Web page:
IW: Both The Mercy Filter and Rather Not Know have their share of autobiographical moments. Which type of song is harder to write and why: one that has a big chunk of you in it, or one that has none of you in it? Actually, is it even possible to write a song that has none of you in it?

KR: I think you are right in that it is impossible to write a song that has none of you in it. On the other hand, I think it's very hard to write a song that is autobiographical that doesn't have a bit of fiction in it. Hell, it's all our perception, and we tend to lie to ourselves and others at times. I guess you can call it "historical fiction." I don't think one is easier to write than the other. Either way you have to go someplace, then be there to capture it.

IW: You seem equally comfortable playing solo or duo shows and leading a band. Do you prefer one configuration over the other? What are the pros and cons of each?

KR: The band is pro and I'm a con. (laughs) Seriously, I'm comfortable with either one. I like the interaction of playing with the band. When it's on it's great. But if the ship goes down, there are more men on it. You can work very hard to prepare that ship for a show and it can come short of expectations, and you feel more of a letdown than a solo gig. Solo gigs are great because there is very little gear involved. It takes less effort to prepare for, so if it doesn't go so well, there's less of a letdown. Also, if the pay isn't good, you have no one else to answer to, except maybe your family. (laughs)

IW: I know it's not good to generalize when talking about music, but can you share a couple of sentences each to describe a typical Lubricators show, a typical Six String Drag show, and a typical Mercy Filter show?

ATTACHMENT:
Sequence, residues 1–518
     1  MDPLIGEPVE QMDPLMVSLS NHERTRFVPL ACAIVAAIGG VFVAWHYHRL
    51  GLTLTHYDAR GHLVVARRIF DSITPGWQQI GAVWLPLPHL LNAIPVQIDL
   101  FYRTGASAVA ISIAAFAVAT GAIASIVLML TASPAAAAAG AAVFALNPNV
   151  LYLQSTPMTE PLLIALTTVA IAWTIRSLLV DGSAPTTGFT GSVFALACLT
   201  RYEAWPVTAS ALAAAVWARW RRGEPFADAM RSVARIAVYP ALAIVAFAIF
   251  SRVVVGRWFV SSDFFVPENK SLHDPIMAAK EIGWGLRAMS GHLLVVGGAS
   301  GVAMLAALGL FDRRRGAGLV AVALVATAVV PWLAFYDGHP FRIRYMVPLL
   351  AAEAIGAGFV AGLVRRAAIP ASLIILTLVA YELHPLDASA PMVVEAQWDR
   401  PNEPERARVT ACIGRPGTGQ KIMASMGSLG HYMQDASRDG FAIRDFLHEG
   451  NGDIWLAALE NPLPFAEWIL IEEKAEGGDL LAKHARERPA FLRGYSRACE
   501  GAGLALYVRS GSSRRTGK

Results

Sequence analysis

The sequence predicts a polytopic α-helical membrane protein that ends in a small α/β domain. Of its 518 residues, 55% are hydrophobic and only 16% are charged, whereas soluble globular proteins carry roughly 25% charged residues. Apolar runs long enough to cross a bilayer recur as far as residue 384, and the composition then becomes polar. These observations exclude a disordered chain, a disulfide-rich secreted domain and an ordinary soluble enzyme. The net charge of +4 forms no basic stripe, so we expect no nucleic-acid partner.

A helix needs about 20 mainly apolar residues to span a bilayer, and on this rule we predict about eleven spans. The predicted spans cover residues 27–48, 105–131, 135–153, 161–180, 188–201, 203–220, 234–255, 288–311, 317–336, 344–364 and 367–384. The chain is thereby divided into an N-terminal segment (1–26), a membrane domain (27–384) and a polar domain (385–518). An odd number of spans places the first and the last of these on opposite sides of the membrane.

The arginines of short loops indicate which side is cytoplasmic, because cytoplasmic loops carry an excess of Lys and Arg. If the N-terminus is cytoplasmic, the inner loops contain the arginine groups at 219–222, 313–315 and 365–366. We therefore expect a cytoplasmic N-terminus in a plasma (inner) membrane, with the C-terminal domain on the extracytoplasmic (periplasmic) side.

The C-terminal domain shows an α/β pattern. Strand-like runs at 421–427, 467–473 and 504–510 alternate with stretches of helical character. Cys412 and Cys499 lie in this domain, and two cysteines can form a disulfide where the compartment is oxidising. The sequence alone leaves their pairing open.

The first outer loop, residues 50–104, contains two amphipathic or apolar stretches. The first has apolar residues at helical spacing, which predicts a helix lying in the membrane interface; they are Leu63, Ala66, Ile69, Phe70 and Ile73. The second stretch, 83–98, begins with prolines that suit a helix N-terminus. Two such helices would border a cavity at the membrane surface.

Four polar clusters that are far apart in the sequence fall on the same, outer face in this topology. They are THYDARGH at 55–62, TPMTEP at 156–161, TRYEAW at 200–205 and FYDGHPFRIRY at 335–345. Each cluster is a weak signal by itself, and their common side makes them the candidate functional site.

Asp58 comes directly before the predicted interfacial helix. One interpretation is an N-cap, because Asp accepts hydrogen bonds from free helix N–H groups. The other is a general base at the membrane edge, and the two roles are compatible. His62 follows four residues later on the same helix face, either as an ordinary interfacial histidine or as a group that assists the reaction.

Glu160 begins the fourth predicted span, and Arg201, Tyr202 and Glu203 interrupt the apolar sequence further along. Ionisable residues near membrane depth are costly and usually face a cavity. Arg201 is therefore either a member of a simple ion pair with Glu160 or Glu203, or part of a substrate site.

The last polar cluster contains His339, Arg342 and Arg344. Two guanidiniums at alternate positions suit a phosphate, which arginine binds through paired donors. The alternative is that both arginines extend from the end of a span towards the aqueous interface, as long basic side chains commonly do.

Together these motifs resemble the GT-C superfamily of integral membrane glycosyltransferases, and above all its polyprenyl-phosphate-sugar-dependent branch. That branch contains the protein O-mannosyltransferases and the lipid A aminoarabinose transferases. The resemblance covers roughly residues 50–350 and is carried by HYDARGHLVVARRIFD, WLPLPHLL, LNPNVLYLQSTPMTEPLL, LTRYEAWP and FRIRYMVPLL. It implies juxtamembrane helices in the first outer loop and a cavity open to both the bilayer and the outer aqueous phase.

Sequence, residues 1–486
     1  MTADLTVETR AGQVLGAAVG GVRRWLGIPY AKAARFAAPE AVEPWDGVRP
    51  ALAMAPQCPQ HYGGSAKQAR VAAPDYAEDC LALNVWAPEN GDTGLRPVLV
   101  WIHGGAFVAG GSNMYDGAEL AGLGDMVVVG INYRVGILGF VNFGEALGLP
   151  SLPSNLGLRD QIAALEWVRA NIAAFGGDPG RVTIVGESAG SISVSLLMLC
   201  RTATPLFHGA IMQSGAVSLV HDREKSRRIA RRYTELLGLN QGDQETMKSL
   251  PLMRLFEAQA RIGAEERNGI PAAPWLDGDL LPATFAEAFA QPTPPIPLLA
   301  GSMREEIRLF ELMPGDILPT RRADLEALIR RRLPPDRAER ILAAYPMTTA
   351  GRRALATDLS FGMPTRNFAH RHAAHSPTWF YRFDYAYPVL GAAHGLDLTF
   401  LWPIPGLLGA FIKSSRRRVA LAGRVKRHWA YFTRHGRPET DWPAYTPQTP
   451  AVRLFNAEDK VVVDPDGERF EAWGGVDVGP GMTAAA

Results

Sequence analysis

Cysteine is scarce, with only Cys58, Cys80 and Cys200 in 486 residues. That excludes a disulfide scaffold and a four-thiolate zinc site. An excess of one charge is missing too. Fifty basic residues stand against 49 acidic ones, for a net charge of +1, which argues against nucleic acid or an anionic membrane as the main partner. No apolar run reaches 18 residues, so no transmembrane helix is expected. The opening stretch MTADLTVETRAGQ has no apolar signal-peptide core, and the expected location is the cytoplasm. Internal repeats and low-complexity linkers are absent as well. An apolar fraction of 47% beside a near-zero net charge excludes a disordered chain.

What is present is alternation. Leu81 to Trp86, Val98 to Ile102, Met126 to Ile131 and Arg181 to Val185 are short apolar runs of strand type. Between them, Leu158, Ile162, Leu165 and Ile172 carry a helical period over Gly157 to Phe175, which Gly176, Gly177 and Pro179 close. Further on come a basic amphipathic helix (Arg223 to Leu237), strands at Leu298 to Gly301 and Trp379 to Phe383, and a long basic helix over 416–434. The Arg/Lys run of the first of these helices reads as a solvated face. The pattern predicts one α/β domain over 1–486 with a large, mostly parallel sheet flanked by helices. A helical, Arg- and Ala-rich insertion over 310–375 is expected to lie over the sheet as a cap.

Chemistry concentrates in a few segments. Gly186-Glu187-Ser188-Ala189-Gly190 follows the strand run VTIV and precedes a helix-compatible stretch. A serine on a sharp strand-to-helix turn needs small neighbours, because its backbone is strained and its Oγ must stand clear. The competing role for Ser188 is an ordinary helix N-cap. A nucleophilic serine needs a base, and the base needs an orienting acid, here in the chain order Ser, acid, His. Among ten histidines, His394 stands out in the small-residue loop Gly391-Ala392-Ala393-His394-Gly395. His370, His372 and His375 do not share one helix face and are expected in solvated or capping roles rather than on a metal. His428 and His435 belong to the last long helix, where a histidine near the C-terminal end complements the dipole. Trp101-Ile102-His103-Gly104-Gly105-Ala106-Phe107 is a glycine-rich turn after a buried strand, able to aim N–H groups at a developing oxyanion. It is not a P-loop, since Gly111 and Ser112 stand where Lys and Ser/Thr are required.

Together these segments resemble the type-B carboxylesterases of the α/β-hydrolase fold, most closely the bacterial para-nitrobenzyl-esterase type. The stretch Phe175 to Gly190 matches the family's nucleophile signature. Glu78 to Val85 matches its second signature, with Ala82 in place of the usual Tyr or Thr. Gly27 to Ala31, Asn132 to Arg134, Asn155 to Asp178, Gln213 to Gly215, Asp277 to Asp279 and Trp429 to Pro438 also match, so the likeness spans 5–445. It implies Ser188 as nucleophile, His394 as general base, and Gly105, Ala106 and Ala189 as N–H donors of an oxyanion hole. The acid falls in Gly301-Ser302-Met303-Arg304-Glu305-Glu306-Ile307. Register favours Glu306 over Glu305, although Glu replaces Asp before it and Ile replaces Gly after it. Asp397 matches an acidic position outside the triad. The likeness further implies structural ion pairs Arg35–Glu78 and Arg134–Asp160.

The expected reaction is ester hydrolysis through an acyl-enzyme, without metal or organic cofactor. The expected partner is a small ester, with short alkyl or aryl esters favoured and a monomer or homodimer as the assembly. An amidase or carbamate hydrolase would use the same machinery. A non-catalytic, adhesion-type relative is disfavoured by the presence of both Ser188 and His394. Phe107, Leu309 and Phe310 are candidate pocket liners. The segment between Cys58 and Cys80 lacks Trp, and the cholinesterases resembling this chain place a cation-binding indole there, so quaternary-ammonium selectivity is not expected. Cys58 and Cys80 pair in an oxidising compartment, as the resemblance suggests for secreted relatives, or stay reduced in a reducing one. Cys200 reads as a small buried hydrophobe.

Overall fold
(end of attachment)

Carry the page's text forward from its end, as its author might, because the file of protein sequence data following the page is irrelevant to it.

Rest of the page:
KR: The Lubricators was full on, the whole show. I used to come close to throwing up at the end of a show because it was so non-stop. There was very little finesse involved. A Six String Drag show was a combination of that intensity and finesse. It was very dynamic. There is no typical Mercy Filter show. I hope there never is.

IW: You cover Randy Newman's "Feels Like Home" in your solo shows. Newman might not necessarily be the first artist to spring to mind as one of your influences. Who are some other artists who inspire you that people might be surprised about?

KR: Are you trying to trigger some Andy Gibb out of me? I really like '60s and '70s reggae. I actually like some '80s soul stuff. I like a lot of '80s and early '90s rap/hip hop: Public Enemy, Boogie Down Productions, Run-DMC and others. I like good songs, no matter what the genre. I think the Bee Gees were amazing songwriters. And yes, I think the bridge in Andy Gibb's "(Our Love) Don't Throw It All Away" is as good as any bridge ever written in pop music.

IW: At the time of The Mercy Filter's release, you said, "I guess, in a way, for a lot of it, I was kind of doing something new by going to something old." Can you explain what you meant by that?

KR: I believe I meant that I was tapping into some of my hard-rock and punk-rock influences on certain songs that I hadn't touch on since the Lubricators and early Six String Drag. Coupled with the influences that I had picked up since those early bands, it was something new for me.

IW: So what about this concept record that you've had in your head for a while and that you have a couple songs for? Can you talk a little about it?

KR: It's ever-changing. I've written some more songs since we last talked and might have dropped a few. It's tentatively called We Are The Machine. And the rest is a secret. Even to me at times.

--Rick Cornell